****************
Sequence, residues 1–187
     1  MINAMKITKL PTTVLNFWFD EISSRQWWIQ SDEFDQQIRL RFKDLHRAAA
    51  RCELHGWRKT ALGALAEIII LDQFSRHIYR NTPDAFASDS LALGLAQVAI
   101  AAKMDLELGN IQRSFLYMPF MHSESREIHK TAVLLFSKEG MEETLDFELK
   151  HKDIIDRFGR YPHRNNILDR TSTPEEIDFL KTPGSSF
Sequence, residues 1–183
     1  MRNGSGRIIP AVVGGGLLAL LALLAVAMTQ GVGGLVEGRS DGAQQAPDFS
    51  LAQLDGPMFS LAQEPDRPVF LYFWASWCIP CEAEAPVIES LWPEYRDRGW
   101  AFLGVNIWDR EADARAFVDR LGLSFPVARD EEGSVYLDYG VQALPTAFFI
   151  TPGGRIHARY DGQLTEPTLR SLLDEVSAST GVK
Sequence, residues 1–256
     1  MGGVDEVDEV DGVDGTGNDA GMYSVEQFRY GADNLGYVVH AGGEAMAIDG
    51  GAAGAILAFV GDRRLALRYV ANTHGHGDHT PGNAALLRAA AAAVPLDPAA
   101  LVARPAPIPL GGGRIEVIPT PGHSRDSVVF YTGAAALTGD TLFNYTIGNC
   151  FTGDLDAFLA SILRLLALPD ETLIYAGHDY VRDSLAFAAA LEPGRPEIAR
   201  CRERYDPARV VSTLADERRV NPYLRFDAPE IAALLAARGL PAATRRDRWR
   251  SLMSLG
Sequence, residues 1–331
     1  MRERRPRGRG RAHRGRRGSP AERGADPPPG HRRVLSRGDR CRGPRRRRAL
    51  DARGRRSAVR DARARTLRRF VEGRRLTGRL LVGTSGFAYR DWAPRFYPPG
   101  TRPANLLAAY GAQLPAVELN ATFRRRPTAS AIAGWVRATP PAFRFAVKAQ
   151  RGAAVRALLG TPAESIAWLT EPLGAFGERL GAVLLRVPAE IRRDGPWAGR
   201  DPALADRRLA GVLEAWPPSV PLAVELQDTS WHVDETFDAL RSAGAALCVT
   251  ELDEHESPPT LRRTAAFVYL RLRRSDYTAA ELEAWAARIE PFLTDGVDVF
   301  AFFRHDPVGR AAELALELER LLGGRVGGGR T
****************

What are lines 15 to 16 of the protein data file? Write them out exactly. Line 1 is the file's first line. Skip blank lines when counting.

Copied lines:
   151  FTGDLDAFLA SILRLLALPD ETLIYAGHDY VRDSLAFAAA LEPGRPEIAR
   201  CRERYDPARV VSTLADERRV NPYLRFDAPE IAALLAARGL PAATRRDRWR